Stocks slipped on Friday as financial concerns developed in Turkey and Russia.
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The Turkish lira plunged to a fresh record low against the U.S. dollar Friday.
This came after a report that the European Central Bank is growing more concerned about exposure of regional banks to Turkey.
The lira is extending losses in part due to a diplomatic rift between Turkey and the U.S.
The ECB has concerns specifically about banks in Spain, Italy and France and their exposure to Turkey’s woes, the Financial Times reported Friday.
The recently announced additional sanctions against Russia, hit that country’s currency and stocks as the country braced for uncertainties over the Trump administration’s commitment to enforcement, according to the Wall Street Journal.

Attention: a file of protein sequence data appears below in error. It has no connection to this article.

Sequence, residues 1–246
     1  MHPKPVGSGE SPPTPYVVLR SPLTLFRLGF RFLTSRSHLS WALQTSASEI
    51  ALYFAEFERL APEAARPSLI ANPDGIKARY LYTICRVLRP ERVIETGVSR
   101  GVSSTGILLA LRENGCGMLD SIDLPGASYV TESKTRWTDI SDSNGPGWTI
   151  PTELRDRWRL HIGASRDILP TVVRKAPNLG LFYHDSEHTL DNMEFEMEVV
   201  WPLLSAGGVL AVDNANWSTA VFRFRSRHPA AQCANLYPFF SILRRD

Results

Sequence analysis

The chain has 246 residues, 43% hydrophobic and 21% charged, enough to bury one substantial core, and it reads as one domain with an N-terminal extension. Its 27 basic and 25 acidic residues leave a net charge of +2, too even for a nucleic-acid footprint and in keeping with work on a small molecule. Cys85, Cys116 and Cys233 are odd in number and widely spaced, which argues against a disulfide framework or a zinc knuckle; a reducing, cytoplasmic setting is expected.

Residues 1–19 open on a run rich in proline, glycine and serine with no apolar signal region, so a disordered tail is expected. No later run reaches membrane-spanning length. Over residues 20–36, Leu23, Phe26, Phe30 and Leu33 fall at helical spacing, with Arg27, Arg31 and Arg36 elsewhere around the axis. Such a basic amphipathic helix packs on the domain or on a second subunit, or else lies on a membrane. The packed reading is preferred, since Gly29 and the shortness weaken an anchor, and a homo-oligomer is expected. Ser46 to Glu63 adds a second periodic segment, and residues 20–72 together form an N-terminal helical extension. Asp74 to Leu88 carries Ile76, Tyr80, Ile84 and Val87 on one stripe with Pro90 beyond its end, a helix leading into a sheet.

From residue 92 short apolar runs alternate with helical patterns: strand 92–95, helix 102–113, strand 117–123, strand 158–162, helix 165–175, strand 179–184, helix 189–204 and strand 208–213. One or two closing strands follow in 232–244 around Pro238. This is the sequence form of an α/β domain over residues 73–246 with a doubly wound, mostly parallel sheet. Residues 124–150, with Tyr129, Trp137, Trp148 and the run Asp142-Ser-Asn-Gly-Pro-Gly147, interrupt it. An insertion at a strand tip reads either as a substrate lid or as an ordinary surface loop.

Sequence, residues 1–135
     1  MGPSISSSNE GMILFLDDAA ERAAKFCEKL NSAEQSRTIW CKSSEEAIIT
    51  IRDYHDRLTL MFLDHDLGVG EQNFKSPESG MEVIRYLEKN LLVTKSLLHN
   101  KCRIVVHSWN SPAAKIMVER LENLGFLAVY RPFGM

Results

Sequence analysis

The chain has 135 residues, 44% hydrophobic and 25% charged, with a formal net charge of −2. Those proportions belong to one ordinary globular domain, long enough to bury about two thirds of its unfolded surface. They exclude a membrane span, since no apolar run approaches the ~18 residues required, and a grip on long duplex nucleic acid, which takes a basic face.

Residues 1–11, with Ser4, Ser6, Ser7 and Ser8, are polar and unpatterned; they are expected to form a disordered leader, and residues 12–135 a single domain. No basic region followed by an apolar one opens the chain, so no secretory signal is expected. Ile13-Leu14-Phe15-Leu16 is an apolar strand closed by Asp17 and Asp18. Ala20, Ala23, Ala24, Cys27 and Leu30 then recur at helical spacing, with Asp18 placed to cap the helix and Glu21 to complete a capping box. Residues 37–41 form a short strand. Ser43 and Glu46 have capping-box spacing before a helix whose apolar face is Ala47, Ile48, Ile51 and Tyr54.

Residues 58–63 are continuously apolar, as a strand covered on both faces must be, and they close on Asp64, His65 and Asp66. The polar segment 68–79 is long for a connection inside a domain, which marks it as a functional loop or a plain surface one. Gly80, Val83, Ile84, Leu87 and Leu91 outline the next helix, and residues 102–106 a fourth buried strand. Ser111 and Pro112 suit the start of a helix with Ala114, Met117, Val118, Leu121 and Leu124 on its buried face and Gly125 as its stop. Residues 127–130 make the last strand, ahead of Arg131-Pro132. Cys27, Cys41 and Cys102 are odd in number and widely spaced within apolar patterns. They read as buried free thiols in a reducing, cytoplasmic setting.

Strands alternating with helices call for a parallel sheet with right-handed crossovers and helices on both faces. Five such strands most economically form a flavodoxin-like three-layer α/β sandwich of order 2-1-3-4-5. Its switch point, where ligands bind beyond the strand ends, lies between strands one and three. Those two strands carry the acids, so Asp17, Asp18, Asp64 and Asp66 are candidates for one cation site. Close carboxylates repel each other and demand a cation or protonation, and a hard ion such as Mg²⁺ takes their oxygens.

In economic data, a reading on inflation was in line with forecasts. The Labor Department said on Friday its Consumer Price Index advanced 0.2%, the bulk of which was due to a rise in the cost of shelter. CPI rose 0.1% in June. In the 12 months through July, the CPI increased 2.9%, matching the increase in June.
Stocks ended mostly flat on Thursday, with the Nasdaq and S&P 500 hovering near record levels as traders digested the continued stream of mostly positive earnings, while the long-running uncertainty over trade still weighed on markets.
The Dow Jones Industrial Average fell 74.52 points, or 0.29%, to 25,509.23. The S&P 500 was down 4.12 points, closing at 2,853.58. The Nasdaq Composite edged 3.46 points higher to 7,891.78.
Investors said renewed trade tensions sapped some of the market’s enthusiasm after China threatened Wednesday to slap new tariffs on various chemicals and medical